Aluminum is cut

Started welding
So earlier key lessons are:
   1) Must clean aluminum surface with stainless steel wire brush to get off aluminum oxide.
   2) Power level to use depends on what exactly you are welding.  Should be an app for this but
         there is a sliding card.
   3) Wind matters.  Want to block as much as you can.

And from this new stuff we learned:
    1) for welding inside a corner you should use different electrodes that can hold a point,
         like red ones.   The grey ones we have melt and ball up.   This does not reach into the
         corner so well.
    2) May want a smaller gas shield to reach into the corner

We have ordered some red TIG electrodes and will start welding again when they get here in 2 or 3 weeks.

Thursday, September 15, 2016

Quadmaran 3D with patch

Amoni and I made some thin pieces of foam with the hot-wire cutter.  Then we attached them to the very thin part of the 3D printed floats with quickties.  This made the model work really well.  All it needed was a bit more flotation near the waterline. We took the SWATH idea too far and had to back off a bit.   See video below.

The batteries were dead on our good slow-mo camera so we had to use my cell phone.  The sun was bouncing off the water to the camera.  So this is not great video but the model worked really well.

Update next morning with slow-mo video:

Sunday, September 11, 2016

Welding delays and rats

So it turns out these "gas shields" on the welder get red hot and break easily.  An experienced welder would know this and have a number of boxes of replacement parts.  We, on the other hand, will be getting boxes of these from Amazon soon.  We can't weld till they come.   On tropical islands Amazon does not have 1 day delivery.  Anyone know why Amazon does not make it easy to pick DHL or FedEx for overnight delivery to anywhere in the world for urgent things like this?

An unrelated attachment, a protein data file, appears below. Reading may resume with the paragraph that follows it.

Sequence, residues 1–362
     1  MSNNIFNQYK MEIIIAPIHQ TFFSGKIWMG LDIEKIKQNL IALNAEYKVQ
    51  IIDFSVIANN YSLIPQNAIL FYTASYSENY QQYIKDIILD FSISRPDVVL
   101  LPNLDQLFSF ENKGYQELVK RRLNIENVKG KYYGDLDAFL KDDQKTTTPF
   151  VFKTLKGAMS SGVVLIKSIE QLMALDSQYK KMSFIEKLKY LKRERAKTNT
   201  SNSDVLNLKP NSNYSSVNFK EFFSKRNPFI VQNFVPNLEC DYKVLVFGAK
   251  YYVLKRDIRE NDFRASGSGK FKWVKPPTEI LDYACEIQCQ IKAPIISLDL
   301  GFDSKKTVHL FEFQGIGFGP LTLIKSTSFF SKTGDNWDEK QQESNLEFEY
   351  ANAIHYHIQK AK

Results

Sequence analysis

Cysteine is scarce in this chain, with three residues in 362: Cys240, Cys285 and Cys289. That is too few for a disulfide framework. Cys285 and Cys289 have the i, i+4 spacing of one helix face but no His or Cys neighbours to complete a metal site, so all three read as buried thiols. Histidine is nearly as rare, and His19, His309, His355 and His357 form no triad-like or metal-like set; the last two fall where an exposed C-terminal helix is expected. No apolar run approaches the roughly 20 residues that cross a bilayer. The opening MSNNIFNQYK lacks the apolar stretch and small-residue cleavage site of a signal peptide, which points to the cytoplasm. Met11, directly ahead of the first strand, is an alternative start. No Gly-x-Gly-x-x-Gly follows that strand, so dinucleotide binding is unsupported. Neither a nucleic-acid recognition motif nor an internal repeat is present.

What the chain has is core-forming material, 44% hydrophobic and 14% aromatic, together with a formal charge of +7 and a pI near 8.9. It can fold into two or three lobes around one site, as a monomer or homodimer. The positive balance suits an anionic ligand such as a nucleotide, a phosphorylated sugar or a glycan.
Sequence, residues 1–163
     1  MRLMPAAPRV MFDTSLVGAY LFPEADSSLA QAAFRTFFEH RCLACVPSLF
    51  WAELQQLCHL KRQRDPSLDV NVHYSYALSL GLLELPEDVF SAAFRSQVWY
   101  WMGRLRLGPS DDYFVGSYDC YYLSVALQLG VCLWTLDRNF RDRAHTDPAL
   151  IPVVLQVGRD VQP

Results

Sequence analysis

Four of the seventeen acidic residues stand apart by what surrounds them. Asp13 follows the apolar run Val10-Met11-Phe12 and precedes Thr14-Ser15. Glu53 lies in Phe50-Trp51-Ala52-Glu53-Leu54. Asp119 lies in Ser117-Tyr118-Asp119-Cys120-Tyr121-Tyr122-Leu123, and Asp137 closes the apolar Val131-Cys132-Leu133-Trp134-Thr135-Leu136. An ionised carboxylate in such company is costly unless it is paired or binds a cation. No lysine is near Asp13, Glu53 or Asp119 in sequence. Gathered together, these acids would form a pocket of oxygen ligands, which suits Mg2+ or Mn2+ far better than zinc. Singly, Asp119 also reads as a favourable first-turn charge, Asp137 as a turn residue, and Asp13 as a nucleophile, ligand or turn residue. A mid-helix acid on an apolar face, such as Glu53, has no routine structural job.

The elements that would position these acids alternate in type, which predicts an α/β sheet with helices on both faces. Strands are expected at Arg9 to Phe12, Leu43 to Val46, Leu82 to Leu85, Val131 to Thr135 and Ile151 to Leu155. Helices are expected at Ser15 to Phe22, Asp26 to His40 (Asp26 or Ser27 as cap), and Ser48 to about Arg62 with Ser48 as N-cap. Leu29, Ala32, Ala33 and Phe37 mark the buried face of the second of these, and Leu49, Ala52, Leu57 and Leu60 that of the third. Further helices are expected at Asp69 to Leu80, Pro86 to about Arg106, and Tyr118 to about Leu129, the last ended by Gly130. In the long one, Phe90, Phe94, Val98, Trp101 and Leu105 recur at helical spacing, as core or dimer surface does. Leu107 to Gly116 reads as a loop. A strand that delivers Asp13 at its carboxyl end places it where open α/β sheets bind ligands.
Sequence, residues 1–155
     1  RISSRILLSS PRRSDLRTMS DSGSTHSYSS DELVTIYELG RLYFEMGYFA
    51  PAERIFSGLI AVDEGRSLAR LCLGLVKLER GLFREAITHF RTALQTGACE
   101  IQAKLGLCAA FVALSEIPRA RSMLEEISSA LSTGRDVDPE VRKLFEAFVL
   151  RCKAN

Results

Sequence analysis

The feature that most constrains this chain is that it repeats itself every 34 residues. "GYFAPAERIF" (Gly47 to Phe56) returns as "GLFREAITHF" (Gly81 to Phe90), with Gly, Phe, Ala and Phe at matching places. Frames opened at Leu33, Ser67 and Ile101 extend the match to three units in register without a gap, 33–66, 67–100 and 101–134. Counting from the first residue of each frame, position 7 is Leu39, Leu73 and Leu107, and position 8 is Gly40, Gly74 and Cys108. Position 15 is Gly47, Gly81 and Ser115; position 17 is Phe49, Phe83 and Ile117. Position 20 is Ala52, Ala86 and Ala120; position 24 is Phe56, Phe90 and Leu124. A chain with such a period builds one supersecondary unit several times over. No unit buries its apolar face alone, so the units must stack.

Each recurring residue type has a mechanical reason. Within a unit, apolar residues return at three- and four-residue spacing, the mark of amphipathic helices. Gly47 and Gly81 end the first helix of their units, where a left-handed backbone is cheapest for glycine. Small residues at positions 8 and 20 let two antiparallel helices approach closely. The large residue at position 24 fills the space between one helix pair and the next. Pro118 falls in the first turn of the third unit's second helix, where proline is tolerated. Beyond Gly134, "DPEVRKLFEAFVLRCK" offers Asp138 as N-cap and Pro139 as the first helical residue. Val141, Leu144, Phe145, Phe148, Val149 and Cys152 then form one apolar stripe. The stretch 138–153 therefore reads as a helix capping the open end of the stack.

A rat was in our welder.  Now we have rat poison.

And glue traps.

And mechanical traps.  And new "Rat Zapper" electronic traps on the way from Amazon.  Old Rat Zapper gave up the ghost.

Rats are a problem with having the welder outside that I had not thought of.  There is a water tank and cooling system that a rat could damage to get at the water.   This is troublesome enough I am thinking some of moving to someplace where we could have a nice shop/work area.

3D printing our own hull shapes and testing model

We can now print nice parts on our own printer

This has a lot of plastic in the hollow areas.  It is heavier than it needs to be. We will experiment with the settings for filling in and reduce the weight on future prints.

There are 4 places in the current design that went straight sideways over open space.  This is not something our 3D printer can do well.   Some printers with 2 print heads can make support structures out of a material that you can easily dissolve later.  Because of this these 4 sections on our part are messy and and had holes in them, so they were not waterproof.  It is sort of amazing that they printed at all.   We use gorilla-foaming-glue and then also painted the parts with Styrospray to make them waterproof.  Then we used quick ties to attach the 4 printed floats to a platform.
It can tip to either side and stay there
When the model tipped there was enough more weight on the down side that it would not come back up.  So we need more flotation at the waterline.  This is also very sensitive to the amount of weight.  The next shape we want to try is with the thin part as long as the rest of the float.   This will give more waterline area but no more drag.

We now have the ability to 3D print floats but we do not yet have the perfect float shape.  We can keep trying different shapes easily enough now.   If we do the designs right they should be waterproof without any glue or painting.

Note that this float design did not work well enough to even try in waves.  We will get further along soon.

If we rotate the part 45 degrees in the printer so it is going diagonally across the print bed we can print rather large parts.   We will do this at some point.   The bigger the floats the more weight the model can carry.  So we want bigger floats if we are going to put on batteries, solar, motors etc.

Along with testing float shapes we also want to eventually make 3 models that we make into drones so we can develop software for a train of our boats connected together.   Turning in a train of boats will be different than for a single boat.  The boats need to work together.   We want this software working well before we get to full scale and far more expensive boats.